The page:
VIC™ - A compiler for Microchip’s PIC® Microcontrollers

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VIC™ Syntax

Now that we have looked at some example code, let us describe more in detail the various syntactical details of VIC™.

VIC™ syntax is very much like Unix shell scripting with many similarities and some notable differences.

A general VIC™ code file will have the following types of statements:

A typical VIC™ program is arranged in the following way:

PIC pic_name;
pragma pragma_type pragma_values;
Main {
    # user invokes functions
    function_name argument, argument, argument, ..., argument;
    function_name argument, argument, argument, ..., argument;
    function_name argument, argument, argument, ..., argument;
    function_name argument, argument, argument, ..., argument;
    ## maybe the user wants to add a loop to perform a certain function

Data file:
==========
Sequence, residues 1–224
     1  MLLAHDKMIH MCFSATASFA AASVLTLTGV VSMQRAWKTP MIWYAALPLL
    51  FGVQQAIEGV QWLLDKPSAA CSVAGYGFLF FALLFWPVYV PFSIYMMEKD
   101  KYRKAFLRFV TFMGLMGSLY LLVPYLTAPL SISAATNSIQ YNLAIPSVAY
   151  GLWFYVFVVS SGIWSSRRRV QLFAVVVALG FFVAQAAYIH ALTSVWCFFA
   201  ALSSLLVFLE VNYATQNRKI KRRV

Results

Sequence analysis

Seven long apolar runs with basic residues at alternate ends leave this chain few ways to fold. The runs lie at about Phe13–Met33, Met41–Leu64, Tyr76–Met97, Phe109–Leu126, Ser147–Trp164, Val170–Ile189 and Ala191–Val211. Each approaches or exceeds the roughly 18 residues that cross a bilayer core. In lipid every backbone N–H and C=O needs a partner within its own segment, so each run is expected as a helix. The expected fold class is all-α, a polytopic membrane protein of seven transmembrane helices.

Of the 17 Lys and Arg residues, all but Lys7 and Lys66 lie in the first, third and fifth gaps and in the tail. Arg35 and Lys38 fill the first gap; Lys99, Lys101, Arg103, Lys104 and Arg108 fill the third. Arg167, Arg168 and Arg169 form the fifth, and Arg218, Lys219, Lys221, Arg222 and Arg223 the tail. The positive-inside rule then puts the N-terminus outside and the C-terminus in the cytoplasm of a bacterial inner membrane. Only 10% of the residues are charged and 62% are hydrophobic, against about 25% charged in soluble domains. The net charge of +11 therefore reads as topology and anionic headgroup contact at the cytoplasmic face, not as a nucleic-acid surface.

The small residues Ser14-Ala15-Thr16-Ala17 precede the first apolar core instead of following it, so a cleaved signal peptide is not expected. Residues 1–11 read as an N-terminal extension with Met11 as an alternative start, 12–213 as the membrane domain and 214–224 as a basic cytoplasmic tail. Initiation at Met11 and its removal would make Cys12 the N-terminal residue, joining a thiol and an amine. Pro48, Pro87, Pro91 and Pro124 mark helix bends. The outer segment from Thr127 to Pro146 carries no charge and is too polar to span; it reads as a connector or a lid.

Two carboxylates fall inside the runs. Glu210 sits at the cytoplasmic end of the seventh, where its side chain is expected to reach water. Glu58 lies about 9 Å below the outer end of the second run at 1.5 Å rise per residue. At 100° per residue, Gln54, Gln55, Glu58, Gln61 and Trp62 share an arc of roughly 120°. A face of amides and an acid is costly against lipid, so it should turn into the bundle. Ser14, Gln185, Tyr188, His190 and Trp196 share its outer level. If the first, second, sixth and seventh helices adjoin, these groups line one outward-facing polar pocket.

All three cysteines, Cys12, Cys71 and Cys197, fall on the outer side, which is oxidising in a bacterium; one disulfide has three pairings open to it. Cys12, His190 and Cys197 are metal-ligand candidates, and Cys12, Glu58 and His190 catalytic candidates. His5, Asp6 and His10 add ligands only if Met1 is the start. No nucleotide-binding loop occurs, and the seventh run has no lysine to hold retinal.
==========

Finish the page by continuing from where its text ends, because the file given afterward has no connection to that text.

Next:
## programs do not need to have loops.
    Loop {
        function_name argument, argument, ..., argument;
## optional simulator block
Simulator {
    # special simulator functions
    function_name argument, argument, argument, ..., argument;
    function_name argument, argument, argument, ..., argument;

We shall now describe each of these above items in detail below.

PIC Header

The PIC header is a single line statement that begins the program. It is a required statement and tells the vic compiler and the program author which PIC MCU is being targeted.

The general syntax of the PIC header is as below:

PIC <MCU name>;

The name of the PIC® MCU used is case insensitive although the keyword PIC is case sensitive.

Even though the PIC name is required, the vic compiler allows the user to change the name of the PIC® MCU on the commandline using the -p option.